Saturday, December 13, 2008

Helm on Calvin and the Calvinists

In light of the concerted efforts of both Arminians and Quasi-Amyraldians to drive a wedge between Calvin and the Calvinists, I was pleased to read the linked article (link) by Paul Helm, who explains some of the flaws in at least one similar attempt to divide the doctrines of Dordt from those of Calvin.


Friday, December 12, 2008

Want More on the Atonement?

The εξο της παρεμβολης blog has provided a somewhat lengthy excerpt from Robert Raymond's New Systematic Theology (link). He makes many good arguments, and frankly many that do not seem to have any answer in the Universal Atonement world.


Clarification on the Tri-Partite Division of the Law

I have received a few comments from readers on my previous post on the three-fold division of the law given by Moses (link).

A first comment comes from Stephen Garrett, who asked:
Where is your scriptural support for dividing the law into those three categories of moral, ceremonial, and civil?
Are we under the lawgiver Moses or the lawgiver Christ? The Old Covenant or the New? Or, perhaps a little of both?
Is the sabbath law moral, ceremonial, or civil? How much of the Sabbath laws are binding on Christians of the New Covenant?
Is there a command in the New Testament to observe Sabbath or a condemnation for doing so?
(minor changes for spelling/formatting)I answer:
The three categories are useful bins, as it were, among which the various laws given by Moses can be organized. Many more sub-bins could be created. For example, within the bin of "moral law" there are two sub-bins: "first table" and "second table," and then within those bins, the bins of "first commandment," "second commandment," etc. It's mostly a matter of helpful organization of what the Old Testament provides. If someone wanted to use other labels for these categories, we wouldn't object. If someone wanted to try to understand the Bible without these categories, we think they would have more difficulty, but we wouldn't insist that making these distinctions is a core tenet of orthodoxy.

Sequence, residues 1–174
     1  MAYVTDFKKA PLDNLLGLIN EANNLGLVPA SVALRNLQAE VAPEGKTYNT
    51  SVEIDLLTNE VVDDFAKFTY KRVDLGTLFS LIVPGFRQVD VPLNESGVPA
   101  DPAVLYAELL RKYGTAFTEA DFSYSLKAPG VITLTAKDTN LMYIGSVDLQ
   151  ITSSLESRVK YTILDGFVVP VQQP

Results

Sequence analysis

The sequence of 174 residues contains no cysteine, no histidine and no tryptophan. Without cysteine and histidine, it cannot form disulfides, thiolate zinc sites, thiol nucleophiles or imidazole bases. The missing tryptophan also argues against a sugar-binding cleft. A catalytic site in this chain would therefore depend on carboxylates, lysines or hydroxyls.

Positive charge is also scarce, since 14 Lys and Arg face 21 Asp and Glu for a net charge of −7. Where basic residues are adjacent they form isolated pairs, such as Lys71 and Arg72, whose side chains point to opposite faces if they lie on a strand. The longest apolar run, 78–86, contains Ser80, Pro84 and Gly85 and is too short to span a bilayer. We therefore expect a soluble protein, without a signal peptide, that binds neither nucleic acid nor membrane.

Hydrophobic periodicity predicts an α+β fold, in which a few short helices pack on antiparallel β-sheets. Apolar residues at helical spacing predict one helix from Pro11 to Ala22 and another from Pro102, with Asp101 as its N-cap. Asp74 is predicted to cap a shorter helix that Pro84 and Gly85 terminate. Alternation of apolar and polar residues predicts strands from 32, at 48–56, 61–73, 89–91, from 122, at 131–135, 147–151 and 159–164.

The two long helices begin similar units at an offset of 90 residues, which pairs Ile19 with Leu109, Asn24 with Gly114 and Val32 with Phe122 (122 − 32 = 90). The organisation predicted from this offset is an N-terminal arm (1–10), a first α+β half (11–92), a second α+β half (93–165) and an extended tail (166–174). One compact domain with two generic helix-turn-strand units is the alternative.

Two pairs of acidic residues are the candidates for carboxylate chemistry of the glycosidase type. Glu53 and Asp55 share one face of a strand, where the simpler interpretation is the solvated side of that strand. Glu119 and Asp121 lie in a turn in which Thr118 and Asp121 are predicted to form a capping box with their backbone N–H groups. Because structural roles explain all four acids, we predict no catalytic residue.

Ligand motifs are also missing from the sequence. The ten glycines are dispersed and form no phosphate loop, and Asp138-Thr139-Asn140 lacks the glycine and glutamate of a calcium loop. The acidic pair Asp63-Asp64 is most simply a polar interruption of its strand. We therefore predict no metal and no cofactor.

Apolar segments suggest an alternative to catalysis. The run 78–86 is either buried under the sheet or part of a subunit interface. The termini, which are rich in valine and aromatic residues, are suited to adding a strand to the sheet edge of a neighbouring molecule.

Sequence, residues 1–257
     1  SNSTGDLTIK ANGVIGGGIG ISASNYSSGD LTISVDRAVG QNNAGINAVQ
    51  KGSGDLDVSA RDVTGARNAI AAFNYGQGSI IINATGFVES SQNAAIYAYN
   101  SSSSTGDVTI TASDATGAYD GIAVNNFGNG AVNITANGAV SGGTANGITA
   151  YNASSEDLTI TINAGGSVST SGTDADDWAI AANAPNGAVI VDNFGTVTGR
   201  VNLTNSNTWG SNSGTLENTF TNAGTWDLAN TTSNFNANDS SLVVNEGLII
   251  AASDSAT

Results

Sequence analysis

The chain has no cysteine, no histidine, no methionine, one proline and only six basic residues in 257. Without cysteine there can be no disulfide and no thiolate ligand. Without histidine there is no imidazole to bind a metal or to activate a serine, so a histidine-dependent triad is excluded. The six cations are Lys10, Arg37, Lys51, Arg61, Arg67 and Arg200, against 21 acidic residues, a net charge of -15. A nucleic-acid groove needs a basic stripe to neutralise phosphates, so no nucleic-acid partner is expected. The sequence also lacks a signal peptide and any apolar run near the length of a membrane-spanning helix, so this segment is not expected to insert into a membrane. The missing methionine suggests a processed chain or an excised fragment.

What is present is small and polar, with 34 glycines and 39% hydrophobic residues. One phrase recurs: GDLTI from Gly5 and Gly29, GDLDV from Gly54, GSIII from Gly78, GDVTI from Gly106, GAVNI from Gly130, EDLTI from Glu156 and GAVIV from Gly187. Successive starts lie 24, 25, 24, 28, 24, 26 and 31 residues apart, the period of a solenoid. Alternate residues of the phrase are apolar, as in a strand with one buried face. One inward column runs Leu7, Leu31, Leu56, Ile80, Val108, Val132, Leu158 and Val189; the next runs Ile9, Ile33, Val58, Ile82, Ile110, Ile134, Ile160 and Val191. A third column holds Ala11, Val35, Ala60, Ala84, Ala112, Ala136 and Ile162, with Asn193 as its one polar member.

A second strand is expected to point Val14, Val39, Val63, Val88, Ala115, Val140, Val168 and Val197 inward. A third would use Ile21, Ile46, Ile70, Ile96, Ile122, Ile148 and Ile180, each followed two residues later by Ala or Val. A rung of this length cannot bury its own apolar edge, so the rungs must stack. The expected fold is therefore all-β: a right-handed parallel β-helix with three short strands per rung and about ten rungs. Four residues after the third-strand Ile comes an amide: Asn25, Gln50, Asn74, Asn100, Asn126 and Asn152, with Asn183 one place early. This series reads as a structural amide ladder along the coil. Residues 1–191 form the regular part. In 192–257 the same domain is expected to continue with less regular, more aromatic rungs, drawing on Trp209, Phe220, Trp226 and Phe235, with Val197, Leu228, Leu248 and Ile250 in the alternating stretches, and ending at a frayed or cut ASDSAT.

We are not living in Old Testament Israel. The Nation of Israel was destroyed around A.D. 70 by the Romans. Their civil laws consequently are not binding on us. We are not under Moses in that sense. Recall that Jesus himself told his disciples that the scribes and Pharisees sat in Moses' seat and consequently were to be obeyed. There was not necessarily a tension, therefore, between being obedient to the civil laws of Moses and being a follower (disciple) of Christ. Nevertheless, as I already said, the nation of Israel was destroyed as such, and even if the civil laws of Moses should apply to the modern nation-state of Israel (something I don't want to get into), most of us don't live there and consequently are not under those civil laws.
Christ was not an earthly king. As he said, "My kingdom is not of this world...." (John 18:36). Thus, Christ did not provide a new civil law or usher in a Christian nation-state. Accordingly, with respect to the civil law, there is no "updated" form.
With respect to the moral law, Christ republished the Mosaic law both by identifying as the greatest commandment to love God and as the second commandment to love one's neighbor. Additionally, we find each of the other ten commandments republished in the New Testament, confirming their continued applicability.
With respect to the ceremonial law, Christ fulfilled the law, and on his death "the